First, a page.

S Health

At the end of your run, all that lovely data will go straight to S Health. This is where you'll be able to see all of your fitness statistics, set goals and enter your food intake. You can even run certain exercise tracking features on the phone without the need for the Fit at all.

But S Health is a very closed-off application. I understand this is part of Samsung's drive to create its own ecosystem (as is the limitation of the Gear Fit to Samsung devices only) but as I'm someone who likes to pool all of my fitness data from various devices, usually on something like Map My Fitness, it's frustrating that information from the Gear Fit goes and stays in S Health right now.

There's also a basic pedometer feature on the Fit which you can keep ticking along in the background to track your movement throughout the day. Annoyingly, you do have to turn it on manually, which isn't something I'm used to doing with fitness wearables.

Also, the steps taken during exercise won't be added to the pedometer, which is annoying given the fact that's where you'll be getting a bulk of them. Samsung is aware of this problem and has promised a fix.

Samsung has also added a sleep tracker to the Fit, although the effectiveness of sleep monitoring (common in fitness bands) is up for debate. Nike says it's completely pointless tracking sleep at all outside of a lab environment.

On the Gear Fit, sleep tracking is disappointingly limited. You'll need to tell it when you're going to sleep and when you wake up. It will then tell you how long you slept for (which is just the difference between the two set times) and what percentage of what was "motionless".

There's also no way of transporting that data to the S Health app so you can only see it on the Fit itself. In sum, it feels like a bit of an afterthought from Samsung.

Smartwatch features

Though it doesn't have the kitchen sink of features like the Gear 2. The Fit still packs its own mini arsenal of smartwatch functions.

Chief among these is notifications. Being able to read my emails and SMS messages on the display without checking my phone is handy, and made all the better by the Fit's uncluttered interface.

gear Fit

The lack of a built-in mic for calling won't disappoint many people, and to me suggests that Samsung has got a better hold of the 'smartwatch' here than on the Gear 2 or the Gear 2 Neo.

In fact, my only real criticism here is that due to the proportions of the screen, a fair bit of scrolling is involved when the device is used horizontally, as I've already mentioned.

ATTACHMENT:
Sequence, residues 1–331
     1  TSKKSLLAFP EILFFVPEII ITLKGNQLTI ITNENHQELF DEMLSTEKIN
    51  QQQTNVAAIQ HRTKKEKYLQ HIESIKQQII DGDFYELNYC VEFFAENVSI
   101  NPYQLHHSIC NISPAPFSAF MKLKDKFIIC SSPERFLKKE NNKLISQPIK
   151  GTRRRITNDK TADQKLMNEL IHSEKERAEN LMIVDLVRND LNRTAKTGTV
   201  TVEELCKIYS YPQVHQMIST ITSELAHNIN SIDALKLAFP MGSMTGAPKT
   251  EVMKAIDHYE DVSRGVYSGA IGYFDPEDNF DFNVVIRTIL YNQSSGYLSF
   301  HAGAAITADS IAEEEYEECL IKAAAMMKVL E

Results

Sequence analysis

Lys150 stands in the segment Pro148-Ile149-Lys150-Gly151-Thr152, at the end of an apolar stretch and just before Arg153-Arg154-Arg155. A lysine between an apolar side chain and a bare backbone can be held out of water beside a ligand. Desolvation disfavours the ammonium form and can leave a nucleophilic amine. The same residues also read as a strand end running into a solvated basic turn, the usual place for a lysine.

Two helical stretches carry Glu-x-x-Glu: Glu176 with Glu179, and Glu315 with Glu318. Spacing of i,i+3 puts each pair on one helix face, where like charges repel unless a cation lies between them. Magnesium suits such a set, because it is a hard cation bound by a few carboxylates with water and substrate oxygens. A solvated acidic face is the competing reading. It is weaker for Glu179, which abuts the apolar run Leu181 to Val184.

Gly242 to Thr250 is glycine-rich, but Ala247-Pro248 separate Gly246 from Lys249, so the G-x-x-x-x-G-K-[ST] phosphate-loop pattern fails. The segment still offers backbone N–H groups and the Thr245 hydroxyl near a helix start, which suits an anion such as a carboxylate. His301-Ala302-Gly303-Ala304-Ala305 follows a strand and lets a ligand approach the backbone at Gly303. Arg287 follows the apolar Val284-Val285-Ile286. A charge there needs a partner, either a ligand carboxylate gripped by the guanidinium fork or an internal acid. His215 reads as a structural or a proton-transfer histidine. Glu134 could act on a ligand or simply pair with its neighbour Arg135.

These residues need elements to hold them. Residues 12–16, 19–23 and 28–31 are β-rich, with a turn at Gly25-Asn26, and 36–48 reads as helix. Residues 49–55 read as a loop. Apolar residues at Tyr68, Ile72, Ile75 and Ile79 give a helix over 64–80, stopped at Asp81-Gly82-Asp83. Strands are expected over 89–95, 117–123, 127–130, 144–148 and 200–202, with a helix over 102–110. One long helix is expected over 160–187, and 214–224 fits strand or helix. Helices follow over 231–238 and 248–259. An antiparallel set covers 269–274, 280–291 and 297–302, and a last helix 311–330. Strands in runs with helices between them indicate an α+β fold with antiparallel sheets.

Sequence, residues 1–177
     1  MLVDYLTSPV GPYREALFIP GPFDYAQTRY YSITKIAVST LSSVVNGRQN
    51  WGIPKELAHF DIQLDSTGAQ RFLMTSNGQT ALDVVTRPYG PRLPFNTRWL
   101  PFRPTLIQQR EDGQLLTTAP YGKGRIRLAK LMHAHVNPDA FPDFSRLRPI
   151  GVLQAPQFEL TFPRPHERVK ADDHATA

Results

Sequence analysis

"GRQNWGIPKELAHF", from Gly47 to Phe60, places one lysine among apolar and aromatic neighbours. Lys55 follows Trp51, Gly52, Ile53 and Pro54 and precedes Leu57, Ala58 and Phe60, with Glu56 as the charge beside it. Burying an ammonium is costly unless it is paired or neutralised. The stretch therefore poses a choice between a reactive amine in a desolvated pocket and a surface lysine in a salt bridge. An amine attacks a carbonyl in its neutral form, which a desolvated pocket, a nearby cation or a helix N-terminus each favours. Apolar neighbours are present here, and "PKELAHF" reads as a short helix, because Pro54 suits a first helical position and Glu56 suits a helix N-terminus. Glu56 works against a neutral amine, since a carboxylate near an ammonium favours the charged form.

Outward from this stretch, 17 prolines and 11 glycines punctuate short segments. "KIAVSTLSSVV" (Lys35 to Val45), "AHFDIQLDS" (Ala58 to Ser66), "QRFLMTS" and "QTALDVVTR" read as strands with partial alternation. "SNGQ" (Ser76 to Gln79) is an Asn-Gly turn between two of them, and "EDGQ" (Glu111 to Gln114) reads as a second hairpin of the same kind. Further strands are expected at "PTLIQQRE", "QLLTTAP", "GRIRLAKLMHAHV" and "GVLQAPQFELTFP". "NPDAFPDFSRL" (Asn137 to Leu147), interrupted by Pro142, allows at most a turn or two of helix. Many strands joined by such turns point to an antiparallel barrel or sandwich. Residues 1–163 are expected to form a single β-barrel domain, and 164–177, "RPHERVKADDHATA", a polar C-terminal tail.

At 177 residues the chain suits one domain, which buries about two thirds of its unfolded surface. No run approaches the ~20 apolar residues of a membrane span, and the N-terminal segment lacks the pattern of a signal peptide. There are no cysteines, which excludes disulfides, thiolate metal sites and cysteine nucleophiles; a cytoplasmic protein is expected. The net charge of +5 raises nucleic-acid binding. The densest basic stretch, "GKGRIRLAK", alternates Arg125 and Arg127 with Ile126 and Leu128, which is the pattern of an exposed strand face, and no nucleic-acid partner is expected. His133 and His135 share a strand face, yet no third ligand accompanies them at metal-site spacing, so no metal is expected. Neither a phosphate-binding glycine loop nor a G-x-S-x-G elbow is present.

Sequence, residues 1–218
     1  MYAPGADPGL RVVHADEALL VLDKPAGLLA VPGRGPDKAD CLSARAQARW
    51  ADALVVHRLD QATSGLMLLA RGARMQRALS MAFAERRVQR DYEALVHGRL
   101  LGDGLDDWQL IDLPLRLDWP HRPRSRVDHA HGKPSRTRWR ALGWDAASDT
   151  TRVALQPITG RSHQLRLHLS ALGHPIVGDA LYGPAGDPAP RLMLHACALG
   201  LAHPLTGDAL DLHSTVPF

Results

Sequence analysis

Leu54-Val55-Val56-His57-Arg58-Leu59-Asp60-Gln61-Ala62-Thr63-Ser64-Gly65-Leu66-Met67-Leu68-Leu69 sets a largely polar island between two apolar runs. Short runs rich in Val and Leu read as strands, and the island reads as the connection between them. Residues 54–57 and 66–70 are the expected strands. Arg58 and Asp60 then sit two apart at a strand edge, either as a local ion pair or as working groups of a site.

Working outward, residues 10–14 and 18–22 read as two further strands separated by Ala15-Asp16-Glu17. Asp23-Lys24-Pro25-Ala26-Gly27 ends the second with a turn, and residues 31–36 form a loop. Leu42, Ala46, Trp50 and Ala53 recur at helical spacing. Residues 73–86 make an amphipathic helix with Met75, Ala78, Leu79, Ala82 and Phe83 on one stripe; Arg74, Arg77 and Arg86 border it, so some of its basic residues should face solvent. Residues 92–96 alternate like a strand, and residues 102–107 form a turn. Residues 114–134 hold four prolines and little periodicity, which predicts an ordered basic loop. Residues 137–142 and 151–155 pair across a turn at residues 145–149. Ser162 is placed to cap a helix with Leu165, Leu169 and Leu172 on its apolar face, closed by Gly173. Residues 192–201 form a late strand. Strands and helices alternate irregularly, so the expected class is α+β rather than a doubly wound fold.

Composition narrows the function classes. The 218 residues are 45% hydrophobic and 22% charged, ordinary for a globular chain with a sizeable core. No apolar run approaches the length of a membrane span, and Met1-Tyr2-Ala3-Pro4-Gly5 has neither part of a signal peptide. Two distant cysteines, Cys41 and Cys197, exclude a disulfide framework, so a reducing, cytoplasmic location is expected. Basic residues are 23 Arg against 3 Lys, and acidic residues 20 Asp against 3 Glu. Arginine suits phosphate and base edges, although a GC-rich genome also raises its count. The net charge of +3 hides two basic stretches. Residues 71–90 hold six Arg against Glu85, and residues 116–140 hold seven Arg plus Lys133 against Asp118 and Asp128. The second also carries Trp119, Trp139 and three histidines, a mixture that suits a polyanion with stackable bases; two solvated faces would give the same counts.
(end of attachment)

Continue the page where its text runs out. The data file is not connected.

Gear Fit

But while you can't type or dictate a response without getting out your phone, the Fit offers a selection of "quick reply" messages that you can fire back (which you can write yourself), although it's not an idea I've ever been keen on - very rarely do I find that a generic response will suffice.

Another nifty addition is the Find My Phone function, which will get your paired Samsung phone singing if you lose it, so long as it's within bluetooth range.

Gear Fit

One extremely welcome smartwatch-common feature that Samsung has thrown in is a media controller. As someone who needs music on a jog, I'm all too used to the the pains of having to get my phone out to change tracks/search/change the volume. So I'm pretty thankful to Samsung for throwing that one in, especially as it also works with third party apps such as Spotify.

But it does, once again, highlight the stupidity of not allowing you to have GPS for running, as a few people will want to have their phone with them when running anyway - and music control feeds well into that.

Overall, Samsung has got a good balance of smartwatch features to the fitness ones. I don't feel like I'd ever want to use my Fit as a phone, nor would I realistically be able to type a message on it either. Samsung has kept this very much as a notification device, aligning it closer to something like the Pebble.

The competition

Samsung is entering a pretty crowded market here. There are a lot of competitors offering different features, designs and ideas of how wearable tech should behave. So how does the Gear Fit stand up against its rivals right now?

Jawbone Up24


Looks-wise, the Jawbone Up24 is almost the total opposite of the Gear Fit. It's very understated, but the activity tracker is accurate and sleep monitoring is more in depth than on Samsung's offering.

Yet the lack of display means it's lacking the smartwatch-isms that make the Fit about more than the fitness. It also won't draw as much attention when you're out and about (for better or worse).

But considering it's a bit cheaper at £129 ($150, about AU$163) and packs a battery that'll keep ticking for over a week, it may be a better option if you're looking for a fitness tracker that's less hassle.

Samsung Gear 2 and Gear 2 Neo